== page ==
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5 Lessons for Leaders from Dr. Martin Luther King, Jr.

Dr. Martin Luther King, Jr. is undoubtedly one of the greatest leaders in American history. From the 1955 Montgomery Bus Boycott to his famous “I Have a Dream” speech at the March on Washington, Dr. King has become known as a fearless and inspirational pioneer of the Civil Rights Movement.
There is much to be said for his resilient spirit. As influencers in modern-day corporate America, we can learn volumes about being strong, devoted and moral leaders by looking at how Dr. King rallied those around him to fight for a worthy cause.
1. Know what you represent.
Dr. Martin Luther King, Jr. stood for equality. A fervent believer in his cause, he committed his life to fighting for equal rights. As leaders, we have to clearly define our brands. What do we stand for? Who do we represent? What are our core values? When we can answer all of these questions clearly and concisely, we are more likely to devote our time and energy to supporting and spreading our brands.
2. Communicate your message clearly.
Dr. King utilized every opportunity to communicate his beliefs to others. He spoke about it so passionately, that people saw it as his calling. Do your clients, peers or even employees know what you represent? Are you communicating your brand clearly and strategically? Dr. King delivered a number of speeches and led countless rallies, but he always made sure his core message was known.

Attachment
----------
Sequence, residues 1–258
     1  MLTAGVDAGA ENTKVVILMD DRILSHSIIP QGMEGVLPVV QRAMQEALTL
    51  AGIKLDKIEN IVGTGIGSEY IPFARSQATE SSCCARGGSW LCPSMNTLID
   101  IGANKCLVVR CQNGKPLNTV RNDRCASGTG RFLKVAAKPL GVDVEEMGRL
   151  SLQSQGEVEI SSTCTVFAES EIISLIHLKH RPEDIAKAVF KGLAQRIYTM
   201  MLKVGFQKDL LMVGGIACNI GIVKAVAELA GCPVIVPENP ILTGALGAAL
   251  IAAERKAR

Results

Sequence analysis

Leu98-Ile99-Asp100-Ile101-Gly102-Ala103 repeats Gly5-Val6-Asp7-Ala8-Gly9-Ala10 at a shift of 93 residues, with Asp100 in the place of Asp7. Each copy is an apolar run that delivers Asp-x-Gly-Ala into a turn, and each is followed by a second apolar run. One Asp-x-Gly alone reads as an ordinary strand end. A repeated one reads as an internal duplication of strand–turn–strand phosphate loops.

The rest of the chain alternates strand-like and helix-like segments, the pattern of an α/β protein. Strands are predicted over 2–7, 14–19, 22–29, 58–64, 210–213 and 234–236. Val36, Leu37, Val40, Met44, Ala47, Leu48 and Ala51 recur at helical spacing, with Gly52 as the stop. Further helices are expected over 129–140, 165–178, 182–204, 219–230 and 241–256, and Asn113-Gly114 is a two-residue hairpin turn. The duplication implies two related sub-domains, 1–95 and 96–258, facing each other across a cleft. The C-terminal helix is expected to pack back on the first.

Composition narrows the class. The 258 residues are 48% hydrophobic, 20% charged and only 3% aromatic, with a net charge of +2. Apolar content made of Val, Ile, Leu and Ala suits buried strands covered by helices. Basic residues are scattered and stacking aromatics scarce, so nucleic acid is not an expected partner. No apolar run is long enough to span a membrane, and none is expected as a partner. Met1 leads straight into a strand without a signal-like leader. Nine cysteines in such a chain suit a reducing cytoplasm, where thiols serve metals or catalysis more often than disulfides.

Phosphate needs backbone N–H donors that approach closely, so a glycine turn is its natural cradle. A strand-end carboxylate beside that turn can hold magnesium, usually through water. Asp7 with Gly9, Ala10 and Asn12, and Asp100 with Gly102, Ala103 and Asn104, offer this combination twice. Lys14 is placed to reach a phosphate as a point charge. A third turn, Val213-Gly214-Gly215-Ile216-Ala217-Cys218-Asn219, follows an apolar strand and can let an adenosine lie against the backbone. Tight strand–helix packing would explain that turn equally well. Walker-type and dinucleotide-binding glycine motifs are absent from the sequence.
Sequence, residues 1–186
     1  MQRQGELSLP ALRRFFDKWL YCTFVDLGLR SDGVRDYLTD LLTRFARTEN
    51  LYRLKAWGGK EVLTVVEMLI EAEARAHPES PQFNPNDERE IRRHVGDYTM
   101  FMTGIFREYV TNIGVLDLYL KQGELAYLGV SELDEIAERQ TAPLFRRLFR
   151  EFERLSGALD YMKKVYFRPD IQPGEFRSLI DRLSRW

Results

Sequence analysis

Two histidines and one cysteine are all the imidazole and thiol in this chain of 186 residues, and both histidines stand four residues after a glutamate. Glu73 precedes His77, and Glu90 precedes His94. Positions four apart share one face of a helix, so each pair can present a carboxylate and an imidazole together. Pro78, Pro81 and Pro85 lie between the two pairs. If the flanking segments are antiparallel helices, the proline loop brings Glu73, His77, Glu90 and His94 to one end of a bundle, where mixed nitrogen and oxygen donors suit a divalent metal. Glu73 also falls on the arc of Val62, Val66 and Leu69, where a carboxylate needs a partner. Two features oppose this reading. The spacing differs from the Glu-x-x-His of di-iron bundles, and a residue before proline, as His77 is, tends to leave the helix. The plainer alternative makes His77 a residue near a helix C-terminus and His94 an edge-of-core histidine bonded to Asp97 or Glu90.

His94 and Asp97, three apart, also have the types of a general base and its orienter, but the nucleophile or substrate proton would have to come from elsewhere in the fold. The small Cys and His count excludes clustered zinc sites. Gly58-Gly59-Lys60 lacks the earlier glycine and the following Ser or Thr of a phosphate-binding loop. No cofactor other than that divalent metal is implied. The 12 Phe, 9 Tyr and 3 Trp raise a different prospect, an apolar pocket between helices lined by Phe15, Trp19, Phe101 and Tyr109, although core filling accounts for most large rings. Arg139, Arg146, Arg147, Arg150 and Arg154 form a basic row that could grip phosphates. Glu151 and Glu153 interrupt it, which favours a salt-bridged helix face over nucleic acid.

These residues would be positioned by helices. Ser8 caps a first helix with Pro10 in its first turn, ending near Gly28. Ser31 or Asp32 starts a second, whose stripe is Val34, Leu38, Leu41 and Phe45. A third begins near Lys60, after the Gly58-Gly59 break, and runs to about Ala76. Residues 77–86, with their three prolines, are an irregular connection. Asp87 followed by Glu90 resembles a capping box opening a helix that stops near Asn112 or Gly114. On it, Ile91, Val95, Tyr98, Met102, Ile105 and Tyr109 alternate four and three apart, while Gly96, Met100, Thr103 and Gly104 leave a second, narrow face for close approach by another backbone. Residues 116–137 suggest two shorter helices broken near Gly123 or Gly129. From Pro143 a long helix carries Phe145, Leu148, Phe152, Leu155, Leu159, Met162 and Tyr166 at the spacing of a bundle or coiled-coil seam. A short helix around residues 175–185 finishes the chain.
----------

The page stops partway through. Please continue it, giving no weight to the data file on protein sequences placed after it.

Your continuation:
3. Don’t be afraid to take risks.
In a time when his beliefs were not popular among the vast majority of people, Dr. King was constantly stepping into the light to lead his supporters in peaceful rallies and boycotts. He could have easily sat back and silently supported the cause, waiting for someone else to take the lead. He courageously chose to take risks – risks that ultimately cost him his life. Are we, as leaders, willing to take risks, even though they are unpopular, in order to benefit our companies? Are we putting ourselves out there and trying new things? We cannot expect to move forward, if we are too afraid to take risks.
4. Don’t let setbacks define you.
If anyone knew setbacks, it was Dr. King. Records show he was arrested more than 20 times. His home was bombed, and he was consistently being harassed by those who did not agree with his way of thinking. Despite facing trial after trial, he pressed on because he truly believed in that for which he was fighting. How do we react when we face setbacks? Are we quick to make excuses or accept defeat? Or do we regroup and find a way to accomplish the task regardless of the circumstances? Dr. King used his setbacks as motivation to continue striving for equal opportunity.
5. Share your vision.
“I have a dream.”
(Need we say more?)
Dr. Martin Luther King, Jr. leaves quite a legacy. We would be wise, as leaders, to learn from his courageous example and to develop our skills as communicators and influencers, as we work toward our goals and chase our dreams.